If you read my bean post earlier this week you know that I attempt to never put up the same exact pickled thing twice. Several weeks ago, I was asked by a local journalist if I would be willing to do a pickling photo shoot/interview supplying my favorite canning recipe. Fresh out of the last jar of my pickled beets and wanting to showcase a recipe that I was confident with, I considered playing it safe and just reusing my Kickin’ Pickled Beet recipe. Oh! Their flavor, their crunch, and their pickle goodness… I went back and forth on whether to breakdown and remake one of my own recipes, but I’m glad to say that I remained strong and resisted that urge… My name is Erin and I am a pickle addict… As an alternative, I decided on this beet, carrot, and apple slaw recipe, which I’m actually very excited about (though my want for a spicy pickled beet is currently 10). In addition to the 2 pounds of beets that I already had from Wake Robin Farm, I acquired several more pounds of this ruby root veggie from Jeff of Orange Circle Farm at last months’ Seacoast Food Swap. I ended up going with organic pink lady apples for this slaw recipe as I was interested in a sweeter end product.
Hello August! Mid-summer crops (or what I’ve always considered mid-summer crops elsewhere) have finally arrived here in the North East United States. The local farmers’ markets are effectively overflowing with fruits, veggies, colors, and smiles. Since the beginning of the summer farmers’ market season here in Portsmouth, I’ve found myself so focused on finding new canning ingredients that I rarely buy any produce for my own meal and personal consumption. “I’ll take three pounds of eggplant (for pickles), four pounds of cucumbers (for pickles), and two pounds of onions (for pickles)… awesome!”… only to realize mid-week that I have nothing to cook for dinner and having to make a trip to the local grocery store for sub-par produce (dumb). This past Saturday, following my routine pickling stroll (canvas bag already packed full of ingredients), I decided to do another a lap around the market wherein I would only buy produce for this weeks’ dinners: carrots, corn, broccoli, cherry tomatoes, onions, peppers, etc. Not a bad market haul if you ask me, now if only I can keep my veggie priorities straight. What type of market items did you bring home this week?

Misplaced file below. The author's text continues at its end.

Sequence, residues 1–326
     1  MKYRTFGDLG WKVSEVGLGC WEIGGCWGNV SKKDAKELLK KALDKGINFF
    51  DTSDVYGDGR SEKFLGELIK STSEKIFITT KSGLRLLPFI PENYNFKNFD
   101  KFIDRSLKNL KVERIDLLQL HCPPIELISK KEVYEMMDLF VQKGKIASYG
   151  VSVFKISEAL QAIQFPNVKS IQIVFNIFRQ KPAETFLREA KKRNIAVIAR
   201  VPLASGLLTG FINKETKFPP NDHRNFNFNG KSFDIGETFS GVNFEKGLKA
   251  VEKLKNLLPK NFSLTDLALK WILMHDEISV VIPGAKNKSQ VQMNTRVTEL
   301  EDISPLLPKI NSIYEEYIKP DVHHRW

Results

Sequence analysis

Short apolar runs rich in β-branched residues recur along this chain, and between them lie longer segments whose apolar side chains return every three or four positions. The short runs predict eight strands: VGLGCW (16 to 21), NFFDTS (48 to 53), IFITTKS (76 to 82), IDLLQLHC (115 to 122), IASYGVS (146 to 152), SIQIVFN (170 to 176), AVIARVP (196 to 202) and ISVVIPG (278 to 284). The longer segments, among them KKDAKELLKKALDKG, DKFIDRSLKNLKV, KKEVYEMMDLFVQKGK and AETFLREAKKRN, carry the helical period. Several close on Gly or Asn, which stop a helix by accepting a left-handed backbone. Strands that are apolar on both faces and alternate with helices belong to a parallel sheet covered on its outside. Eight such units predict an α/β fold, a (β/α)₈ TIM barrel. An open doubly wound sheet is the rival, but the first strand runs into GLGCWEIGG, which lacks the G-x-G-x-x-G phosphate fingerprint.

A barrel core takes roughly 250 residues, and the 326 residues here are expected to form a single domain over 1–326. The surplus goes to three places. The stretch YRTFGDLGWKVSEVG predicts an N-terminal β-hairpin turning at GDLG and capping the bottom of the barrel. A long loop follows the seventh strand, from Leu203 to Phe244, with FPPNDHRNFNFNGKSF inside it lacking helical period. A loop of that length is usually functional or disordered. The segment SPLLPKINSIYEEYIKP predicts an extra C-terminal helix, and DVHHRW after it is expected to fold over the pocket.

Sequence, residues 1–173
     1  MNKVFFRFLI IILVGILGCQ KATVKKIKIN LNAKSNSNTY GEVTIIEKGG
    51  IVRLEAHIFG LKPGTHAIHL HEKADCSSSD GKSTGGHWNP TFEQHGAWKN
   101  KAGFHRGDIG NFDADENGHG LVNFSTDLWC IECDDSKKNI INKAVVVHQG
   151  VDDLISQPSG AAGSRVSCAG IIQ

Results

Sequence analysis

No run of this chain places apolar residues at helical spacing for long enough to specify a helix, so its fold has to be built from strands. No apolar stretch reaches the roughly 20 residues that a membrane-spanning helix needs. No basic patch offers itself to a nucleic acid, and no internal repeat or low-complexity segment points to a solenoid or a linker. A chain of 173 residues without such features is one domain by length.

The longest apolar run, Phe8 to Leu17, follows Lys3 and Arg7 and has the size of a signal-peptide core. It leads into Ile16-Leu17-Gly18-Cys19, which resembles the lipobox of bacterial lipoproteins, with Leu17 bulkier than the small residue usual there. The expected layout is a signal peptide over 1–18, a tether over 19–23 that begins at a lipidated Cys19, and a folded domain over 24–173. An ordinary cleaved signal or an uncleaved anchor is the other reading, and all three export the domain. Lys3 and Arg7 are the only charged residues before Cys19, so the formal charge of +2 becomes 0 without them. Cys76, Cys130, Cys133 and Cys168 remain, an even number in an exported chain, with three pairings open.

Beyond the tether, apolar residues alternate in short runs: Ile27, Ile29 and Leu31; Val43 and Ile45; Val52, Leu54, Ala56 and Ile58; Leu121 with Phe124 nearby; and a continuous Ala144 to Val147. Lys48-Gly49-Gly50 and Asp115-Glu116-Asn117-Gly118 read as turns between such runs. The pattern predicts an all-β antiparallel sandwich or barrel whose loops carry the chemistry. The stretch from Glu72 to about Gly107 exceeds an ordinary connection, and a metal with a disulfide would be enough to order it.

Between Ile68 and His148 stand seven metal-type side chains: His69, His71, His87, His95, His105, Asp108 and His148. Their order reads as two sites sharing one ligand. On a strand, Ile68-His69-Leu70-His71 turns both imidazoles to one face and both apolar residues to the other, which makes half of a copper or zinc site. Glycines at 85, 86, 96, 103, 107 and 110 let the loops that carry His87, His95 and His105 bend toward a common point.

I personally could die a happy pickle eater… cough… pickler if the world consisted of only pickled carrots, beets, cauliflower, and string beans. With perhaps the exception of straight up dill pickles, for the sake of variety, it’s pretty rare that I put up the same thing twice. The problem is that there’s only so many ways you can swing a string bean. I came across these beautiful yellow wax beans at the Wake Robin Farm booth last weekend and immediately started flipping through my mental pickle recipe rolodex… basil beans (done it), curry beans (done it), dilly beans (done it), old bay beans (done it)…. and then I remembered these tarragon beans from Linda Ziedrich’s book The Joy of Pickling. Aside from adding tarragon, I more or less winged it with this wax bean recipe. Enjoy these tarragon pickles aside seafood, fruits, poultry, or eggs. I’d love to hear about other varieties of pickled beans that you’ve put up.